According to the Wisconsin DNR, “A single bat can consume up to 1,000 mosquito-sized insects in an hour, and a pregnant female can consume her weight in insects every night. It has been estimated bats save farmers in North America over $22 billion every year in pest control services.”
Bats provide invaluable benefits to our ecosystem, particularly eating insects. According to our DCHS licensed rehabilitator Paige Pederson, “Not only are bats vital to our local ecosystems, many of our Wisconsin bats are threatened species. Since 2014, a deadly fungal disease called White-nose syndrome has been plaguing our local bat populations making their conservation a top priority.” One such threatened species is the Big Brown Bat. The one pictured above was rehabilitated at DCHS's Wildlife Center.
Would you prefer not to be eaten alive by little pests during evenings on your porch? “Bats are fabulous at controlling mosquito populations,” says Paige. “You can attract bats to your home by installing a bat house.”
However, you probably don’t want bats in your home.
We’re now entering the perfect time for bat exclusions, a method to legally and humanely remove bats from your house. Humane methods of bat exclusion typically involved installing one-way doors that allow bats to leave your house, but prevent them from getting back in. Per Paige, “Every bat saved by utilizing humane exclusion methods is a cause for celebration!”
Why is this the perfect time for bat exclusions? In late August, young bat pups are finally raised to adulthood, meaning they are no longer at risk of becoming stuck in a house without their mother. If bat exclusions take place earlier than that, there’s a high likelihood that bat mothers will get excluded from the house while their pups are still trapped inside. The bat pups could starve, and bat mothers will go to extremes to get back in to their babies, almost certainly creating a more difficult situation for you to deal with than you had originally. To protect bat pups, the Wisconsin DNR does not permit bat exclusions to take place between June 1st and August 15th.
But now that we’re well past August 15th and bat pups are able to fly on their own, it’s safe to begin bat exclusions. Furthermore, bats right now are still quite active, so they will exit their roost each night to hunt. With your bat exclusions installed, they can easily leave your house to go hunt, but they will have to find an alternative place to roost and hibernate for the winter.
Note that bats should not be excluded during winter months as it is too cold for them to survive outside.
Want to get started on your bat exclusions? Here are the basic steps outlined by the Wisconsin Aquatic and Terrestrial Resources Inventory:
1. Find out how and where the bats are getting into your house.
As the sun sets or just before it rises, watch your house to see where the bats leave from. Ideally, get some friends to help you, and make sure all of you are able to see the whole structure without turning your head. Bats can leave and fly off in a matter of seconds. Observe for several nights to make sure you can identify all or most exit-points. You can also look for bat droppings or staining caused by bats’ body oils.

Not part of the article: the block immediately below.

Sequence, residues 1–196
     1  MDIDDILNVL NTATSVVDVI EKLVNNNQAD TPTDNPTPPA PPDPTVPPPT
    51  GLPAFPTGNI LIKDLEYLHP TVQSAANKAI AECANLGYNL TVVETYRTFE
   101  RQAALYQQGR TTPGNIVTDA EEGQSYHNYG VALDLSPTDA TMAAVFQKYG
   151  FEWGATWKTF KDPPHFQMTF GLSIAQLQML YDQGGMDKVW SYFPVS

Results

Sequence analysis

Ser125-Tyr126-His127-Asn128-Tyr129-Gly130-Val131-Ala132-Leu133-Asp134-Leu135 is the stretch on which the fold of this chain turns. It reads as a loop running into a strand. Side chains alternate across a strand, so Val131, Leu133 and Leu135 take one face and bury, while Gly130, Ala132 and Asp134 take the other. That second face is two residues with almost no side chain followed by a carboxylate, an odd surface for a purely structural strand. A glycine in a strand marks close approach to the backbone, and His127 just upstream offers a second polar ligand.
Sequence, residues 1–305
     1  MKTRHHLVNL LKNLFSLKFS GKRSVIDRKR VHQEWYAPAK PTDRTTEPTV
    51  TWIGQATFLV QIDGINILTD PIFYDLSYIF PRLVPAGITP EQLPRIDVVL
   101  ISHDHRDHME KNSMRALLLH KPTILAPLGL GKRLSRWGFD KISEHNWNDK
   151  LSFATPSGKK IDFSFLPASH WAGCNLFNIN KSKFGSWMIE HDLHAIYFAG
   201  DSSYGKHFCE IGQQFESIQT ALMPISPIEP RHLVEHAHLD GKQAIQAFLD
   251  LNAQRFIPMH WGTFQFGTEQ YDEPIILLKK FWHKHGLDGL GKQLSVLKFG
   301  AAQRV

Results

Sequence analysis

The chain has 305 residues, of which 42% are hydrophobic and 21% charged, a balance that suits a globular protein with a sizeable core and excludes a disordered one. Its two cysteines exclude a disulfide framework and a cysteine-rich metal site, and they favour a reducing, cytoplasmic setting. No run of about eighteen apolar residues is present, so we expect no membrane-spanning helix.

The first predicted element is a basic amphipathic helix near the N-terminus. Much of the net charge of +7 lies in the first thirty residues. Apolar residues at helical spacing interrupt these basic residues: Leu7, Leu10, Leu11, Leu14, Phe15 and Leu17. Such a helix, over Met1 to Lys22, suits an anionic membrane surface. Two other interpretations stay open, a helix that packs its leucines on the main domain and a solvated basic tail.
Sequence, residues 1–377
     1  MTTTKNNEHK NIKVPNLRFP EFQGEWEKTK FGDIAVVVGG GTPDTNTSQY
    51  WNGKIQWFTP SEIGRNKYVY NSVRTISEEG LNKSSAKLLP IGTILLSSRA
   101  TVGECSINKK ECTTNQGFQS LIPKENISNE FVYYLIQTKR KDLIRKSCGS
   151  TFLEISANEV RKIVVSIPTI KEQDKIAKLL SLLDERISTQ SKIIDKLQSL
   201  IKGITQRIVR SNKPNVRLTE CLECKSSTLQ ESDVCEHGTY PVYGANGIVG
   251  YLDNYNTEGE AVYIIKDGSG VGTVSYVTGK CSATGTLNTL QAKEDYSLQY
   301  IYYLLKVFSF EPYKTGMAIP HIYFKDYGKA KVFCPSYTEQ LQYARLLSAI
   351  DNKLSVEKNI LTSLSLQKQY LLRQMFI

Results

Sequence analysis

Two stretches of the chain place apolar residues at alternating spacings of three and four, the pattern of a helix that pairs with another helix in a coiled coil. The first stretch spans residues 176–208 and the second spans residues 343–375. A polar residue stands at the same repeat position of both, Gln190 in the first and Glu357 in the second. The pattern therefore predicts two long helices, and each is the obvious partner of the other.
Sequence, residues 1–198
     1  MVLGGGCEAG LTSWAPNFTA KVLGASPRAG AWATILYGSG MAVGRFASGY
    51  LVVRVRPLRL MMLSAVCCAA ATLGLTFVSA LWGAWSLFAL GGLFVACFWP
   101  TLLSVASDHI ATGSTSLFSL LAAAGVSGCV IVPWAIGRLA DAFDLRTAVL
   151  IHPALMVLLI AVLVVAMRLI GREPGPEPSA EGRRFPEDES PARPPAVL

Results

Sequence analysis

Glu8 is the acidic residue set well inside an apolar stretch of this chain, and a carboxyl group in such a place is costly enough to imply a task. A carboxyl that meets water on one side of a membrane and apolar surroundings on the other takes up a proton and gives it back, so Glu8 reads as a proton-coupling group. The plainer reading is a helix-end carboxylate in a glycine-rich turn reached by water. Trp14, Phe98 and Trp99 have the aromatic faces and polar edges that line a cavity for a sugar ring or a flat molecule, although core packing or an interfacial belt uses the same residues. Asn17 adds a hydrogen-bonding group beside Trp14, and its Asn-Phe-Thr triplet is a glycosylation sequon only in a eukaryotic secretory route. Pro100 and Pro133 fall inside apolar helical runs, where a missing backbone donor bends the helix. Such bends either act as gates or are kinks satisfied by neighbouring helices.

2. If you’d like the bats to stick around your property (and really, why wouldn’t you?), build them a bat house.
Clearly, they already like your area, so you can transition them to their own home by offering them a different place to roost. If you build the house a year before beginning the exclusion or at least towards the start of the summer, then the bats should become familiar with the structure as they come and go. If they’re familiar with it, they’ll be more likely to roost there.
3. Install your one-way doors, wait one week, and seal the holes.
You can create your own one-way exclusion devices with a variety of materials: plastic netting with mesh one-sixth inch or smaller, plastic sheeting, or PVC pipe. Regardless of the material, the process is the same: Cover the opening in your home entirely, but let the netting or sheeting extend another two feet below. Secure the top and side edges of the netting or sheeting with staples or duct tape, and leave the bottom edge open so that the bats can escape through it. If you use PVC pipe, insert a portion of it into the opening, and seal the opening around the outer rim of the pipe. Allow the bats five to seven days to leave. Once they have all left, you can seal the openings permanently with the appropriate construction materials. Bats won’t chew their way back into your house, so once you’ve sealed all openings, they won’t be coming back in.
If you’d prefer not to do the exclusion yourself, there are professionals who can complete the exclusion for you. Make sure you find one that deals specifically with bat removal, and will do it legally and humanely.
Learn more about legally and humanely excluding bats from your home.